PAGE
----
• Week 3:  She crawled into my bed and cried through the night about her ears, and head, and stomach; we went to the children’s hospital and received a diagnosis of sinus infection and double ear infection.  Me:  Things are not getting better.  I don’t know what to do. 
  • Week 4:  She’s miserable.  I’m desperate.  We’re both exhausted.    Me:  No more.

Finally, I took my daughter back to the doctor who treated her when she was a baby.  The first thing she said was, “Let’s step back and look at her history.”  Those words ignited a flash of memories of tests, procedures, medicine, and conversations with doctors.  After talking through a series of questions, we connected all of it, the stomachaches, the headaches, and the earaches, to her allergies.  Of course!  While some of the symptoms presented differently than they had in the past, the timing and the triggers remained consistent.  Look for patterns.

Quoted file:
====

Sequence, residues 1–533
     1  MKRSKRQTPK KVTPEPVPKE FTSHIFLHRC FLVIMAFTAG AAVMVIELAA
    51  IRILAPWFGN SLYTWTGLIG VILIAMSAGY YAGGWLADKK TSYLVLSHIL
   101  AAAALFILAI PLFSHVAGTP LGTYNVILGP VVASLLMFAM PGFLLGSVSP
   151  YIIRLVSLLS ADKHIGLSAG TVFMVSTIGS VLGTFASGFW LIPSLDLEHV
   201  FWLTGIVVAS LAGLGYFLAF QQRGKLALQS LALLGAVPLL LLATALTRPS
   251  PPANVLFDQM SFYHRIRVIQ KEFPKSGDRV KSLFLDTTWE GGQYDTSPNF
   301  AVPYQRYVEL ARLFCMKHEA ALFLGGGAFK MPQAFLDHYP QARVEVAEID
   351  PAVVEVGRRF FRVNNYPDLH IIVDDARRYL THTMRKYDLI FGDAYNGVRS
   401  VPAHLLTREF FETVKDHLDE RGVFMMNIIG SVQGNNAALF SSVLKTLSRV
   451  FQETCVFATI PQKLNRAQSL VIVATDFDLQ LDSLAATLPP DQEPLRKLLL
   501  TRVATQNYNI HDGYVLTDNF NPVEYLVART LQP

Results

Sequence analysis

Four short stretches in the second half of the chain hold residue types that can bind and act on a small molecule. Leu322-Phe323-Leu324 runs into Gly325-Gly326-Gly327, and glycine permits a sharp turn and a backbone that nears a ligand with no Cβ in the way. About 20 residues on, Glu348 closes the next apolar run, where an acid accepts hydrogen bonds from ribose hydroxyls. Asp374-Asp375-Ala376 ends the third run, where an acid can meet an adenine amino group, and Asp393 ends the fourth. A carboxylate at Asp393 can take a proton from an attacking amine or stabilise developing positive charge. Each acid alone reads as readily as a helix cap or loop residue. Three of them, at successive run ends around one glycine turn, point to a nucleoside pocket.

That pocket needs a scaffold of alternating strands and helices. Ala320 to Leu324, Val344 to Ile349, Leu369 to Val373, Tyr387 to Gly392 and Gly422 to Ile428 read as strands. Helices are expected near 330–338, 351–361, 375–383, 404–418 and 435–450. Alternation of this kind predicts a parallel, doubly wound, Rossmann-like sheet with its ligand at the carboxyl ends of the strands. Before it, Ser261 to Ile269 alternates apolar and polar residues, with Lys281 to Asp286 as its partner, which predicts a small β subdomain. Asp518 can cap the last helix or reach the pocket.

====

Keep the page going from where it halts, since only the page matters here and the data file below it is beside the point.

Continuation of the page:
I tell this story because even veteran educators sometimes miss the patterns.  Instead, we address the symptoms in the moment and then provide parents fractured information once  we’ve reached our breaking point, maybe after being alarmed at the results of a student assessment or exasperated by a student’s most recent behavior.  Rapid firing a list of issues to parents may seem completely justified to you as the educator because you’ve been feeling the accumulation of concern over time, but it feels threatening and disjointed to parents.  Instead, we have to communicate holistically what we are seeing so parents can see it too.

Even still, no matter how well we share concerns with parents, they may still go through a period of denial.  Regardless, it is our responsibility to guide them to acceptance more efficiently.  The best way to do that is through clear and intentional communications.  Below are some methods that have worked well for me.

Communicating Concerns to Parents